“We wanted stability in the first part of the night,” he said. “The competition is just intense from 8 to 9. ‘Community’ holds its own there unlike anything I could have thought, and ‘Parks’ is a great show which I think in proximity to ‘The Office’ will do well there.”
I’m hopeful Greenblatt’s expectations for those shows in that time period are realistic. I still think that, if given more time, “Parks and Rec” could have done a little better at retaining “The Office” lead-in, but I can also respect NBC having several months worth of data saying that its audience is its audience, and why not move it in favor of something that might have more upside? (There’s also the fact that Greenblatt gets very little credit for a show from the Silverman era, whereas if “Whitney” becomes a hit, that’s mostly attributed to his leadership.)
Though it didn’t come up on the conference call (because we needed time for multiple questions about Donald Trump’s presidential campaign), Greenblatt said in at least one earlier interview on Sunday that “30 Rock” is being held for mid-season because of Tina Fey’s pregnancy, and that the plan is to run all the season 6 episodes without interruption, in a timeslot TBD.
FRIDAY: And here we come to the final resting place of Charles Irving Bartowski and the rest of the “Chuck” gang. Again, the idea behind the 13-episode renewal – and Greenblatt told Ausiello that the circumstances under which the order might extend beyond 13 are basically impossible – was to help give NBC some kind of beachhead on Friday, and to give “Grimm” (a modern homicide cop investigates crimes tied to fairy tales) an established lead-in.
“I thought if we had a chance to transport an audience to Friday night, it would be something with a real following,” Greenblatt suggested, using the same logic FOX execs did when they moved “Fringe” to that night this season.
Depending on where “Fringe” and “Supernatural” end up, there could be a major geek show pile-up at either 8 or 9, or in both hours. One thing I’ll say to “Chuck” fans (and I’ll go on at greater length in my review of the season 4 finale): tomorrow’s episode sets up a status quo I cannot wait to see in the fall, and that will hopefully cure any “Chuck” fans of ambivalent feelings about this victory lap season.
SATURDAY: Nothing to see here. Repeats, as per usual.
SUNDAY: If there’s football in the fall, then this is easy. And Greenblatt believes there will be football – or, rather, NBC Sports president Dick Ebersol believes there will be, and his conviction is good enough for Greenblatt.
If Ebersol’s right that at worst they lose a few weeks’ worth of games, Greenblatt said they have a contingency plan “to produce several high-quality live event, reality-type shows” to fill the time left by the lockout. If the lockout wipes out the season? Well, then America has big problems right along with NBC.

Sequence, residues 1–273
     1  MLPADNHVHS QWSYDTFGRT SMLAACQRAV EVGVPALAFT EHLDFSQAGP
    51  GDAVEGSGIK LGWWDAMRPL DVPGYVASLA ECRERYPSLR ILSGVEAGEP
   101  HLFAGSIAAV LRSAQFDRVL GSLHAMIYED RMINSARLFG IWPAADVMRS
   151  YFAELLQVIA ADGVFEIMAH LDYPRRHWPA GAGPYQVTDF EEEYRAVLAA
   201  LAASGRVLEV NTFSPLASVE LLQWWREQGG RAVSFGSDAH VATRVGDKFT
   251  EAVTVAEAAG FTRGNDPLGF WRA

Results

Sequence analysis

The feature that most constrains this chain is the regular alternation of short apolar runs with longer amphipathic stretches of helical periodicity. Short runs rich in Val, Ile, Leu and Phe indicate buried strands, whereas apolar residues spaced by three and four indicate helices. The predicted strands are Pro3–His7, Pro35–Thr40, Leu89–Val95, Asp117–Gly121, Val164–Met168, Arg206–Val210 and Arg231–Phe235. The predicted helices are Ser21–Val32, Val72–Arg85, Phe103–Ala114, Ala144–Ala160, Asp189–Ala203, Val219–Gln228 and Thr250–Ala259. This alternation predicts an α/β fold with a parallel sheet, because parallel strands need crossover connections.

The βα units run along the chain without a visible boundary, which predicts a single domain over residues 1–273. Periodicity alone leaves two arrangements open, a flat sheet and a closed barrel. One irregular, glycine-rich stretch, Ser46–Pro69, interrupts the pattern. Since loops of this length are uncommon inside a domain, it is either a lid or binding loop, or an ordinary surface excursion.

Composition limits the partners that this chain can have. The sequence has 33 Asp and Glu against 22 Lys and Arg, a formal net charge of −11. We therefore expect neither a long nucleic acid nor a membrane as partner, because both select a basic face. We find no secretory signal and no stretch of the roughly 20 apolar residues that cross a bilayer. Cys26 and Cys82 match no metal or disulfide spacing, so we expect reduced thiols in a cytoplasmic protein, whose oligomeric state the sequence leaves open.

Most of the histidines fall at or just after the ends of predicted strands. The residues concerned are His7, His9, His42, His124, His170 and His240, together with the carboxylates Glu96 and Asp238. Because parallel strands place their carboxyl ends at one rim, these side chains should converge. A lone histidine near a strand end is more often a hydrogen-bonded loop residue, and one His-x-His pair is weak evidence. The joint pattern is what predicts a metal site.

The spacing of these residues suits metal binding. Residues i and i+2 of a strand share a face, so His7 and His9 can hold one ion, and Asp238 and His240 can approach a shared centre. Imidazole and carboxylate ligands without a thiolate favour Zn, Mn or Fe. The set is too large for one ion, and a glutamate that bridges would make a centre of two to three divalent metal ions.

Greenblatt will also need a contingency plan at mid-season if Trump manages to convince himself that the idea of him running for president isn’t a joke.
“If he decides to run for president and is unavailable to do the show,” Greenblatt said, “we will bring the show back and there will be someone else sitting at the boardroom table. Who that is, I won’t even entertain, because we believe Donald will be in the seat.” When pressed on whether that meant he doesn’t want Trump to run, Greenblatt simply said, “I think it’s the right and privilege of every American-born citizen to run for the highest office in the land” and wished The Donald the best in whatever he chose to do.
Again, because certain members of the press just can’t get enough of Trump, there wasn’t time on the call to discuss Greenblatt’s thoughts on any of the mid-season projects “Awake” (drama from “Lone Star” creator Kyle Killen, with Jason Isaacs as a man living a very different kind of double life from what James Wolk went through on the earlier show), “Are You There, Vodka? It’s Me, Chelsea” (starring Laura Prepon as a young Chelsea Handler), “Bent” (romantic comedy with Amanda Peet and David Walton from “Perfect Couples”) and “Best Friends Forever” (divorcee moves in with her best friend and the friend’s new live-in boyfriend) that have yet to be scheduled. (Whereas the remake of John Grisham’s “The Firm” at least has a timeslot, post-“Celebrity Apprentice,” if not a cast or pilot, suggesting that Greenblatt’s disapproval of the “Law & Order: LA” launch only goes so far.) Nor was there time to ask which of those might get either the “Love Bites” treatment (pushed until a Summer Burn-Off Theatre run in June) or “Friends with Benefits” treatment (not scheduled anywhere ever, most likely).
Alan Sepinwall may be reached at firstname.lastname@example.org